Cold-weather rock climbing and ice climbing have a bit of a reputation for unavoidable suffering, and while I can’t say they haven’t earned it in some ways, I can tell you a few methods for maximizing your warmth and enjoyment despite the cold. Beyond just the basics of proper layering, adequate clothing and exercise to keep warm, there are a few lessons I’ve learned from my own experiences that might help you get by in relative comfort.
As always, nothing I say replaces common sense, proper training and/or checking with your doctor if you have a condition that warrants it. I’m not in any way liable for anything that happens to you. Stay safe, have fun and live to climb another day!
1. The Windmill
For such a useful hand warming technique, I’m surprised at the number of climbers I encounter who don’t know about the simple windmill. This is perhaps the single most effective trick for keeping the screaming barfies at bay, and it’s also pretty useful for cold-weather rock climbing, skiing, or any other pursuit where your digits might be getting a bit chilled.
Do the windmill almost to the point of discomfort before you start up a climb and it will help to dilate your capillaries for better blood flow, which can stave off the cold for a bit. While you’re on the climb you can do a mini-windmill by shaking out aggressively. Just a few quick, hard shakes will push some more warm blood out into your fingers for a little relief.
I’ve come to the conclusion that it’s simply impossible to be comfortable while climbing in the cold with a single jacket or a single pair of gloves. You really need one jacket/pair of gloves for climbing in, and one for sitting around and belaying in. One of my best investments to date has been the giant Helly Hansen down jacket and the giant Mountain Hardwear mittens that I picked up on a gear discount site a few years ago.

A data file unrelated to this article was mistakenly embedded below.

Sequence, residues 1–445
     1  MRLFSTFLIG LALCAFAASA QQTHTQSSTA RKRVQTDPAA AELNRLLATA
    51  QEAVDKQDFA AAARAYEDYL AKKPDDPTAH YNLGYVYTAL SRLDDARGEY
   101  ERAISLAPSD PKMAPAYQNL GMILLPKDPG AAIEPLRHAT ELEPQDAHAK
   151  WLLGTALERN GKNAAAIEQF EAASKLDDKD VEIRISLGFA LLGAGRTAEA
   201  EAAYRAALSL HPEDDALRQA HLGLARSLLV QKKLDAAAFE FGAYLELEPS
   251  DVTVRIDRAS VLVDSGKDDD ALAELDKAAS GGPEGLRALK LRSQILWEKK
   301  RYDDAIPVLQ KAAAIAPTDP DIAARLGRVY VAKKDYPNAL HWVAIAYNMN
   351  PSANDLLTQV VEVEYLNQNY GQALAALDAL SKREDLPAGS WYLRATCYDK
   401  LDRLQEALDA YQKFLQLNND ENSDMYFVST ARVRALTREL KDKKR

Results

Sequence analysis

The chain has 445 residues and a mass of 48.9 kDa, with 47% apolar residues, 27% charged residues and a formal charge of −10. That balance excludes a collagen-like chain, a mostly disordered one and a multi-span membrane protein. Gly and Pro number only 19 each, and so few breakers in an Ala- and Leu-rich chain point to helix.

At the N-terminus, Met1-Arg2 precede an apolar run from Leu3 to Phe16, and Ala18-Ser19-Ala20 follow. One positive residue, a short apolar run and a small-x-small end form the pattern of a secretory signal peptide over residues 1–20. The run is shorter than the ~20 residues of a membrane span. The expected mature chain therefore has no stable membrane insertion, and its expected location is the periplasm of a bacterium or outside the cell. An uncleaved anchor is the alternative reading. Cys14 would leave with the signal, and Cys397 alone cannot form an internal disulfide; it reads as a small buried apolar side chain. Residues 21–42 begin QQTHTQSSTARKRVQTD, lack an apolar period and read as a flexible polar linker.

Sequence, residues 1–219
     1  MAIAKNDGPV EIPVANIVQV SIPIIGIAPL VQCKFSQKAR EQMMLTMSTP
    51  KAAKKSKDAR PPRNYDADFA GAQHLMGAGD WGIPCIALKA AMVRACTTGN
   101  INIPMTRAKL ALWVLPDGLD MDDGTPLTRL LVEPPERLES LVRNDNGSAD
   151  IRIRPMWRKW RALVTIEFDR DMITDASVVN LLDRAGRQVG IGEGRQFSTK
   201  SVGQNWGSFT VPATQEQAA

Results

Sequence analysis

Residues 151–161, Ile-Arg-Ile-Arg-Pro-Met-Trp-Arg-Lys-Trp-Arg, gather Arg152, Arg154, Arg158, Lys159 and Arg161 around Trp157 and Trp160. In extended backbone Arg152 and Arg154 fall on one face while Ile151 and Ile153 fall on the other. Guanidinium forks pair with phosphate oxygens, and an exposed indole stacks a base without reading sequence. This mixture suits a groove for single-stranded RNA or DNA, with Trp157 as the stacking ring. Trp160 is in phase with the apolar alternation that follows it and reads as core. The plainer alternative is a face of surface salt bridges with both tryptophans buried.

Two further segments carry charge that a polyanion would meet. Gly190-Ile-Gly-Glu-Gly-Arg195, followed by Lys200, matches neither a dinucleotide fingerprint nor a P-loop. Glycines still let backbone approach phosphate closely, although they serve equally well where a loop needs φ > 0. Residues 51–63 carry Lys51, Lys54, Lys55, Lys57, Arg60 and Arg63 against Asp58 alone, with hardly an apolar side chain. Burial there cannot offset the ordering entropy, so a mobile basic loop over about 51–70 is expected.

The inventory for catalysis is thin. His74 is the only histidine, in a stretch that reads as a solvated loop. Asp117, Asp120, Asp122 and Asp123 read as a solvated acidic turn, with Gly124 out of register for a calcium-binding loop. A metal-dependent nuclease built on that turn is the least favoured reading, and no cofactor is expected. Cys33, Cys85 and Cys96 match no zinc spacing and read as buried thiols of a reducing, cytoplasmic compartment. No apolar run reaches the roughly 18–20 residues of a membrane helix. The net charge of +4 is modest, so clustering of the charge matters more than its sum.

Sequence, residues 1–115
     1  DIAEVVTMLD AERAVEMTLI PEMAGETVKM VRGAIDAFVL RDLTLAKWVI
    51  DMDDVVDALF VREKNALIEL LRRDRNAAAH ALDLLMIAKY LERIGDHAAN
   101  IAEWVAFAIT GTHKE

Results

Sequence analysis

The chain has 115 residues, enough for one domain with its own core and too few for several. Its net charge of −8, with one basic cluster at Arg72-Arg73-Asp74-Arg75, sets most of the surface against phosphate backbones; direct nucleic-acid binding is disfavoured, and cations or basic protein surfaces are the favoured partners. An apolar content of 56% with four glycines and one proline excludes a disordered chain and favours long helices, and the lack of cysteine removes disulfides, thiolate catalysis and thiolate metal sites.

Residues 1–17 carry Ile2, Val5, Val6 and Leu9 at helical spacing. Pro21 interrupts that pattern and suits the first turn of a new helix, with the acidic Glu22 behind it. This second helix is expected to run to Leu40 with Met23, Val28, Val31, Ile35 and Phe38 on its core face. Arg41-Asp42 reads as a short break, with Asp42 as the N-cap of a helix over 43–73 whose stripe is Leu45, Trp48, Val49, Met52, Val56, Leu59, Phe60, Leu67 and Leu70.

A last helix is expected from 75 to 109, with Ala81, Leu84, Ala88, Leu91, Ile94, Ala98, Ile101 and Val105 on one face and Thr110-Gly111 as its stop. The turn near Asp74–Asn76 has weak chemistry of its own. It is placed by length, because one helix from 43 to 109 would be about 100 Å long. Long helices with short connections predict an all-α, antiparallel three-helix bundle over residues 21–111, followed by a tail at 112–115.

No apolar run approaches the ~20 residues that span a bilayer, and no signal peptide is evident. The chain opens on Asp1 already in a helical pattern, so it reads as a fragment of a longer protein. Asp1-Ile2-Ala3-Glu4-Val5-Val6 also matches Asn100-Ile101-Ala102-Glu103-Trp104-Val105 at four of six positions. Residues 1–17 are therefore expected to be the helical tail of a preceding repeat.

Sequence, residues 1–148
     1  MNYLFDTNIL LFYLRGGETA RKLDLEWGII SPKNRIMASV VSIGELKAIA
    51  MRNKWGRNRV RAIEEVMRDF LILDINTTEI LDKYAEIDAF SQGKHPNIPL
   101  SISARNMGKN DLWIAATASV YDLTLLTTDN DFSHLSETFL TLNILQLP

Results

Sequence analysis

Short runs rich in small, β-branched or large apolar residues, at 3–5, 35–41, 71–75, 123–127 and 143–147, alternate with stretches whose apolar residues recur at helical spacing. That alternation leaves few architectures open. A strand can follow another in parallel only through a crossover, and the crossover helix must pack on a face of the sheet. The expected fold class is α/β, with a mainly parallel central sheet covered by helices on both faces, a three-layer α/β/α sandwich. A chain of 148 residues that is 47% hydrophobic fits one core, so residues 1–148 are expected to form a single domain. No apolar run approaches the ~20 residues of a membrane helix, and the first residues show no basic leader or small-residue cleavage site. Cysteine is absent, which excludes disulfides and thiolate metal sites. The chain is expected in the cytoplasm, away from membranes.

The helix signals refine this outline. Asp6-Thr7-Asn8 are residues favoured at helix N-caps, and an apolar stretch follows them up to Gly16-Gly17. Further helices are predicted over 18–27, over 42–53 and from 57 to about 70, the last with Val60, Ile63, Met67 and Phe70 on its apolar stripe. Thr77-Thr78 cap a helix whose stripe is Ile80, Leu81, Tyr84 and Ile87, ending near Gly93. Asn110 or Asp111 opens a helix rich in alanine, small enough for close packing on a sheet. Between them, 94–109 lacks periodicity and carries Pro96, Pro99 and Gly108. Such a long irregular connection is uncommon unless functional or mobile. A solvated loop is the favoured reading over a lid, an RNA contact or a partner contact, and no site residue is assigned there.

The parka is the kind that my friend Anne and I lovingly refer to as a “snow beast parka” because of its bulk, but it’s hard to complain about the size when it keeps me so toasty (a more packable puffy would be in order for multipitch ice). I put it on in between each pitch when cragging, and never even think about the cold.
The mittens practically look like boxing gloves, and nothing beats slipping your hands inside after a cold pitch of ice. The gloves I ice climb in are super thin and have essentially no meaningful insulation, so it’s important to have something toasty to slip into right away once I lower off.
Lastly, always bring multiple thin glove liners for ice climbing. A major cause of cold hands is moisture, and even when it’s bitter cold it can be pretty easy to work up a sweat on a hard pitch of ice (not to mention fear sweat!). Having dry glove liners will drastically improve your comfort and warmth, so find a pair you like and invest in several that you can rotate between throughout the course of the day.
You have to stay mentally stoked to be a good climber, and keeping your body’s furnace stoked is an important part of that. In its most basic sense this means eating high-energy foods consistently throughout the day so that your body can keep producing energy and warmth.